Washington (AP) - President Barack Obama will send 1,200 National Guard troops to help secure the U.S.-Mexico border, an administration official and an Arizona congresswoman said Tuesday, pre-empting Republican plans to try to force votes on such a deployment.
Obama will also request $500 million for border protection and law enforcement activities, they said.
The National Guard troops will work on intelligence, surveillance and reconnaissance support, analysis and training, and support efforts blocking drug trafficking. The troops will temporarily supplement border patrol agents until Customs and Border Patrol can recruit and train additional officers and agents to serve on the border, the administration official said.
The official, speaking on condition of anonymity ahead of a public announcement, disclosed the plans shortly after Obama met at the Capitol with Republican senators who pressed him on immigration issues including the question of sending Guard troops to the border.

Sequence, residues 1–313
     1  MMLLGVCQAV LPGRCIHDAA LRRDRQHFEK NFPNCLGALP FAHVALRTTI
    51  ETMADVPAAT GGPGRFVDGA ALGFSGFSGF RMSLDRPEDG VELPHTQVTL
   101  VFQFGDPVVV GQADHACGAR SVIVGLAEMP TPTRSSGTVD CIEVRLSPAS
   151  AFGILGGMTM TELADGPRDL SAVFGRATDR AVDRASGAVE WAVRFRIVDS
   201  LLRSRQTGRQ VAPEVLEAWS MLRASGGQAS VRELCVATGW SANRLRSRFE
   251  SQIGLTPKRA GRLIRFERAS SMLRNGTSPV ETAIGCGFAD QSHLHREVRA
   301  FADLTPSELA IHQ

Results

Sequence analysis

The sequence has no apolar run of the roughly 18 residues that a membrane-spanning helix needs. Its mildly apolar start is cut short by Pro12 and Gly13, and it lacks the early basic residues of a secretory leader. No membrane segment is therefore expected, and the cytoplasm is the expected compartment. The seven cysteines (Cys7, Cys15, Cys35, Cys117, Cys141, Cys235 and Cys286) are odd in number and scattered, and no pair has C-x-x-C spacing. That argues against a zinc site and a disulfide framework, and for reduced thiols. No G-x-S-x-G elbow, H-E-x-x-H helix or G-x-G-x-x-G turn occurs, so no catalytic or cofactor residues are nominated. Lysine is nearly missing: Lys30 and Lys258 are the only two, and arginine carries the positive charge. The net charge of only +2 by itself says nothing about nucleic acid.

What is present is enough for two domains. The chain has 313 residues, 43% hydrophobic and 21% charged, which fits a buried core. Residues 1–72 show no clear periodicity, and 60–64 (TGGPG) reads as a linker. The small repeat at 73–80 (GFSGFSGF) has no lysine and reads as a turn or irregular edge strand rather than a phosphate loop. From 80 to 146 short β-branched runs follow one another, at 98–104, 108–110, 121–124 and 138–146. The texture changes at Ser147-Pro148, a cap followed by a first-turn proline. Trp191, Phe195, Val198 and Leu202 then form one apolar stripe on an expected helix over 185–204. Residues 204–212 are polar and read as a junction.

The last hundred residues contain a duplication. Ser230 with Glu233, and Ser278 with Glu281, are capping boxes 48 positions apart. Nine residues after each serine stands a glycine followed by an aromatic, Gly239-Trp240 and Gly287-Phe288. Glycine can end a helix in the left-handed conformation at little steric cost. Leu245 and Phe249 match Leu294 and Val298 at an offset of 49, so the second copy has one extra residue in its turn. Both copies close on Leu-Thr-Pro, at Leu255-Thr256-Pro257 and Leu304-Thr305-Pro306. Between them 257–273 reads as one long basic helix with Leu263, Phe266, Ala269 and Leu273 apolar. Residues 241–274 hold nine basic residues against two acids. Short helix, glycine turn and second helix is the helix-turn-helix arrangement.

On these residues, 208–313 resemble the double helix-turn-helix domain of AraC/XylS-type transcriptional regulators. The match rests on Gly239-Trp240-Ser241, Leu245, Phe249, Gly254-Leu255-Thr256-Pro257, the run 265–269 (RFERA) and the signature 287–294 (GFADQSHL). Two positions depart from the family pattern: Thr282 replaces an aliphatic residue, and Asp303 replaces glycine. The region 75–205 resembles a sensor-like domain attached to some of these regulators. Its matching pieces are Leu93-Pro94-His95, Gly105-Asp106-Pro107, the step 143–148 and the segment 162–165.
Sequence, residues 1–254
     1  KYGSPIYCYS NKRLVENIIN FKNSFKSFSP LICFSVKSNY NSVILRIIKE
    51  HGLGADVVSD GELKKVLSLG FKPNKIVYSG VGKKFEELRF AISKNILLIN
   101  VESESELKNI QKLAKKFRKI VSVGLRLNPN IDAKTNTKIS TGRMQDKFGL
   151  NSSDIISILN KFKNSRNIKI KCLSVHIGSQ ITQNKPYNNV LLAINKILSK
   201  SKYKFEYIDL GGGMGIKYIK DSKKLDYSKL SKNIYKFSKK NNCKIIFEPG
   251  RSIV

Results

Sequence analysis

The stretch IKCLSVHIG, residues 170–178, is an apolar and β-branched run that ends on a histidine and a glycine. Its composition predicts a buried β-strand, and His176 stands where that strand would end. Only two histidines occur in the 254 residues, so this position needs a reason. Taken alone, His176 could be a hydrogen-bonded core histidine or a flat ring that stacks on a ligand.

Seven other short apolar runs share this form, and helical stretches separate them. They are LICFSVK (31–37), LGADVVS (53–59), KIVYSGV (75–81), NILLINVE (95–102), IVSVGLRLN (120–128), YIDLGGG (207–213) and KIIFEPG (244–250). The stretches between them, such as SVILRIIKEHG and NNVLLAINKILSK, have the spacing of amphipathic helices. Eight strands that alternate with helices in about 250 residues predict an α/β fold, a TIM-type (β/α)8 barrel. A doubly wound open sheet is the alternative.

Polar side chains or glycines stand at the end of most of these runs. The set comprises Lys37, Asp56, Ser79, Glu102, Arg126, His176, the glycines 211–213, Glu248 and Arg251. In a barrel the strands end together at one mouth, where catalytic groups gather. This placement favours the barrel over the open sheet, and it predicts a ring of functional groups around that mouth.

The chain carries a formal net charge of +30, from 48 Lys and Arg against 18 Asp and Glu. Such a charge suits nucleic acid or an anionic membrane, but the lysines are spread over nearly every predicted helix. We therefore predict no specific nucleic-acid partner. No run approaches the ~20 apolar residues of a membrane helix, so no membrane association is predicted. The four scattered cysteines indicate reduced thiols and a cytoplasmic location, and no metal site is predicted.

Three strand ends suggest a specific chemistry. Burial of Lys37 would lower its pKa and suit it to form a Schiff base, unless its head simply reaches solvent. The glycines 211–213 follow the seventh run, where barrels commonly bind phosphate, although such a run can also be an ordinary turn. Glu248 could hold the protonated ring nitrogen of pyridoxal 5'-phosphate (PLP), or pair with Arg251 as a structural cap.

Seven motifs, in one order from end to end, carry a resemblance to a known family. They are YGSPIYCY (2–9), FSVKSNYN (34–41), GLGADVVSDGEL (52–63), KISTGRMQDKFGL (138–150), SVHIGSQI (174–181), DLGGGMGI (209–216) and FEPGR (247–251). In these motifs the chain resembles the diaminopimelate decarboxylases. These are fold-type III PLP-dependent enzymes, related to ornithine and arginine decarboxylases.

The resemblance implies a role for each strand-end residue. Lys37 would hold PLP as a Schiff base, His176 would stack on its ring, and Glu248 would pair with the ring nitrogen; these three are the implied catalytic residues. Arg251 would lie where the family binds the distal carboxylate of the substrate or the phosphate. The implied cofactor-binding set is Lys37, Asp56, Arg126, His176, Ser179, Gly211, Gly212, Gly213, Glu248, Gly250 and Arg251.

Arizona Republican Sens. John McCain and Jon Kyl have been urging such a move and Republicans planned to try to attach it as an amendment to a pending war spending bill.
In a speech Tuesday on the Senate floor, Sen. John McCain, R-Ariz., said the situation on the border has "greatly deteriorated." He called for 6,000 National Guard troops to be sent to the U.S.-Mexico border.
"I appreciate the additional 1,200 being sent ... as well as an additional $500 million, but it's simply not enough," McCain said.
Rep. Gabrielle Giffords, D-Ariz., said in a statement that the administration would announce the deployments later in the day Tuesday.
Homeland Security and Pentagon officials have been jousting over the possible National Guard deployment for the better part of a year. Pentagon officials worried about perceptions that the U.S. was militarizing the border and did not want Guard troops to perform law enforcement duties.
President Barack Obama will send 1,200 National Guard troops to help secure the U.S.-Mexico border, an administration official and an Arizona congresswoman said Tuesday, pre-empting Republican plans to try to force votes on such a deployment.